How An Under 30 Alum Decided To Shutter Her Bike Helmet Startup To Focus On Her Own Mental Health

Two years ago, when Forbes held its Under 30 Summit in Detroit, Rachel Benyola, founder of Kova by AnneeLondon, demoed her bike helmet which folded like origami. She bounded on to the stage wearing it, and took it off to demonstrate how the design – still being tested – worked. She was a surprise hit of the Manufacturing stage. “I remember everyone clapping for me when I said I was going to build it in the United States,” she recalls.

But entrepreneurship isn’t easy, and Benyola, now 33, shuttered her company last year, selling off the parts she could, after struggling to raise funds and keep it going during the pandemic. The decision, she says now, was painful, but crucial for her own mental health. She decided to share her own story because she believes it could help other founders facing similar struggles.

“I was not taking time off, and I was not taking care of myself, and it hit me a little too late where I was struggling with chronic migraines and not getting out of bed,” she says. “The company was running on empty because I was running on empty.”

“There is a toxic positivity of startup culture. People say, ‘Don’t give up, keep it going.’ It became kind of dangerous.”

Back in 2016, Benyola, who has a bachelor’s degree from Rutgers, was motivated to start the Philadelphia-based company by seeing friends who refused to wear helmets due to their bulk and inconvenience. Benyola, an avid biker herself, had been in accidents. One friend was blinded in an eye.

The design for the helmet, which she called Kova, was packable and convenient. It contoured to the head with hinges, and folded down, origami-style. Benyola filed a patent for it, and raised roughly $500,000 in seed funding from investors. The design was beautiful, and she garnered attention, landing on our radar in 2017 for the 2018 Forbes 30 Under 30 list.

But making a new bike helmet is hard. It needs to be certified to be safe in all weather conditions, and then produced at scale. She put everything she had into the company, loading up her credit cards with debt and even selling off personal items to raise cash. By the time she made the cut for the 2018 Forbes 30 Under 30 list in Manufacturing, she was seriously struggling. “The day I got a letter that I got on the Forbes Under 30 list was the same day I was approved for food stamps,” she recalls. “I was really excited about both.”

In winter 2019, she started pitching investors in New York, Los Angeles, San Francisco and Portland. She says a few (who she declines to name) were interested, but they got cold feet when the pandemic hit in the spring. “In two weeks, I got phone calls or emails from these investment funds saying, ‘It’s nothing personal, but we’re going to hold off investing in anything new for the foreseeable future,’” she says. “I was super discouraged, but was like, ‘Let’s figure out what we can do.’”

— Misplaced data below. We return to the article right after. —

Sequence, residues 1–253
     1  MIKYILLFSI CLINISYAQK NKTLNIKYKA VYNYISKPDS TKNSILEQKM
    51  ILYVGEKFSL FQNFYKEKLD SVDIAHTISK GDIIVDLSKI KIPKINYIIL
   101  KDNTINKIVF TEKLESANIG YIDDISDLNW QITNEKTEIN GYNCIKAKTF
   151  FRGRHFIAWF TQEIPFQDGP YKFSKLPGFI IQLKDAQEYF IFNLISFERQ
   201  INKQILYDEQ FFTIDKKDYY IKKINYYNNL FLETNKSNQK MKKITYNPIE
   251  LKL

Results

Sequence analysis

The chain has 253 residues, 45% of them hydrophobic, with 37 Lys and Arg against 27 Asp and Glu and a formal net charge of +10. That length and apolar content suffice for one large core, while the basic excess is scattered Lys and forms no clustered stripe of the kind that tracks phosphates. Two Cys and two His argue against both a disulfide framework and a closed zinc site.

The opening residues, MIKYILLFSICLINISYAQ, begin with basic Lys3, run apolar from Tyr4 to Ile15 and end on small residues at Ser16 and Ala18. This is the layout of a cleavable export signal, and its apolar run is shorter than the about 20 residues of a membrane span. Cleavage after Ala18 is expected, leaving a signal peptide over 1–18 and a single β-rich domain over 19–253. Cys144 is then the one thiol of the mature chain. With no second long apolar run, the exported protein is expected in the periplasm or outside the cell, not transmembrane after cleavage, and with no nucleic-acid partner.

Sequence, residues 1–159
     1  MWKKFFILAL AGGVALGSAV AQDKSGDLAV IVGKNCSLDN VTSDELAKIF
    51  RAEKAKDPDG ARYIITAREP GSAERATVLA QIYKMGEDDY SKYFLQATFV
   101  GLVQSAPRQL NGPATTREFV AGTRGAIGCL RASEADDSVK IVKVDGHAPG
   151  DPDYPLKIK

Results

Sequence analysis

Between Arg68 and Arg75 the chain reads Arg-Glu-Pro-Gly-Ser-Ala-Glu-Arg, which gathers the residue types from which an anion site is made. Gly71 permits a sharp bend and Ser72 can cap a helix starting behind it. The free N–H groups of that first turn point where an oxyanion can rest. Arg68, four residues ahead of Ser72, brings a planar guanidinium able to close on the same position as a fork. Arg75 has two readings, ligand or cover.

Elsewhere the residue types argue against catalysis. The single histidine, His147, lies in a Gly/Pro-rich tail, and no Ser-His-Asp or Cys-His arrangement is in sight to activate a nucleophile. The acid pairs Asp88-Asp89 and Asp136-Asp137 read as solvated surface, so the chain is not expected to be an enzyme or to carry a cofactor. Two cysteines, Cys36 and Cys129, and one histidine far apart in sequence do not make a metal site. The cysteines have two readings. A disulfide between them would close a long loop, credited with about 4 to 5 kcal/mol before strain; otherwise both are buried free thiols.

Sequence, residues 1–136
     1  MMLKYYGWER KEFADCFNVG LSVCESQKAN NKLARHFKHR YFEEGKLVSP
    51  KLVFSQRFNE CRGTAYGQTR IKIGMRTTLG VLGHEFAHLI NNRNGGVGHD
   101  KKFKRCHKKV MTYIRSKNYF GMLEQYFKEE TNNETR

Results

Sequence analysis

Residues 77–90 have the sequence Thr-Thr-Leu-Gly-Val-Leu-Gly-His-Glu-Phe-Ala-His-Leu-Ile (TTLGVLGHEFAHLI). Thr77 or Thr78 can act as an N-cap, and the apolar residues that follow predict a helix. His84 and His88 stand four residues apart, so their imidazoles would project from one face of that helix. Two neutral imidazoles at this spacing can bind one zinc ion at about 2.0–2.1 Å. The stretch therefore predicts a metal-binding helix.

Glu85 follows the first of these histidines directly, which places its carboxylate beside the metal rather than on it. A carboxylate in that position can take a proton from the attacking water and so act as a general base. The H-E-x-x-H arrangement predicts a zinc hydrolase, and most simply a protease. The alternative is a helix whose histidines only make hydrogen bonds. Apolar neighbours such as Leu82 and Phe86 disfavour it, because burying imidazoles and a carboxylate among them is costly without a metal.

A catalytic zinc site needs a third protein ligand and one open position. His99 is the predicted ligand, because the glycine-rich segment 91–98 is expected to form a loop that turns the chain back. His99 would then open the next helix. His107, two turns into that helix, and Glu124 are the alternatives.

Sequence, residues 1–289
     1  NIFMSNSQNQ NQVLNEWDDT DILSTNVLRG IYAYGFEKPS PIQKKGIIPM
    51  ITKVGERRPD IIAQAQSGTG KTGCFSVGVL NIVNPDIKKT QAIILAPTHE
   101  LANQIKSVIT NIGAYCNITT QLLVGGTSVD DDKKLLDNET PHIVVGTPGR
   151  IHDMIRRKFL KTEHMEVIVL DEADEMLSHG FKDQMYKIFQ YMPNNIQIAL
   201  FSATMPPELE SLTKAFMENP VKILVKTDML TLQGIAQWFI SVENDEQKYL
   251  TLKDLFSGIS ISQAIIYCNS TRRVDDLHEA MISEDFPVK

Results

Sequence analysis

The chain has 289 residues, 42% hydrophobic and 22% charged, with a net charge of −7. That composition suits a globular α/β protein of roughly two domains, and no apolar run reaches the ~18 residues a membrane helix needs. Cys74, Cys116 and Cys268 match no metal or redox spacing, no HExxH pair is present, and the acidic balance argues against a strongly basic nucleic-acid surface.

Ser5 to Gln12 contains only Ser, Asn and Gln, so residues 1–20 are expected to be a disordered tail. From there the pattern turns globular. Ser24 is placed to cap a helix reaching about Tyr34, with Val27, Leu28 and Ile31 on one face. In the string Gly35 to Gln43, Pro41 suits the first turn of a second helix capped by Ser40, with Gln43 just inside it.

Then in late March, she started to feel sick. Soon, she and her boyfriend (now husband) were diagnosed with Covid-19. “During those months I was at home, I had to face the thing I didn’t want to face: Is this something I want to keep doing, this uphill battle of bringing this product to market? It was such a hard decision and choice to come to terms with,” she says.

Months passed as she recovered from illness and came to terms with her decision. She gardened to stay calm, but the stress of not having funds or health insurance weighed heavily. “Stressful doesn’t describe it adequately. I was going to startup events, and one guy told me he was living in his car and another guy said he was living in the utility closet of his friend’s office.” she says. “Everyone is in debt, but publicly we are expected to be so charismatic, super-positive, portraying success. There is a toxic positivity of startup culture. People say, ‘Don’t give up, keep it going.’ It became kind of dangerous.”

By summer she was done, and spoke with her investors about the decision. She says she cried when they told her they’d invest with her again. She dissolved the corporate entity, and sold off the assets she could to different manufacturing partners. The cash helped cover some of the debts, and pay some expenses. But she also learned that her patent had gone into an abandoned state because of not keeping current on filings due to lack of cash. In an email to supporters this spring, she told them there’d be no refunds for pre-orders. “The payment has gone towards the extensive research and development of the helmet,” she wrote. “I want to thank you from the bottom of my heart for your support.”

What’s next? Benyola, who has a master’s degree in clinical psychology from Chestnut Hill College, is now doing executive coaching, working with individuals and startups, and helping them learn from her experience. “I do enjoy working with different startups, and I’ve been talking with some venture funds and incubators about how we can build in these wellness audits,” she says. “I’m starting to come out of my shell.”

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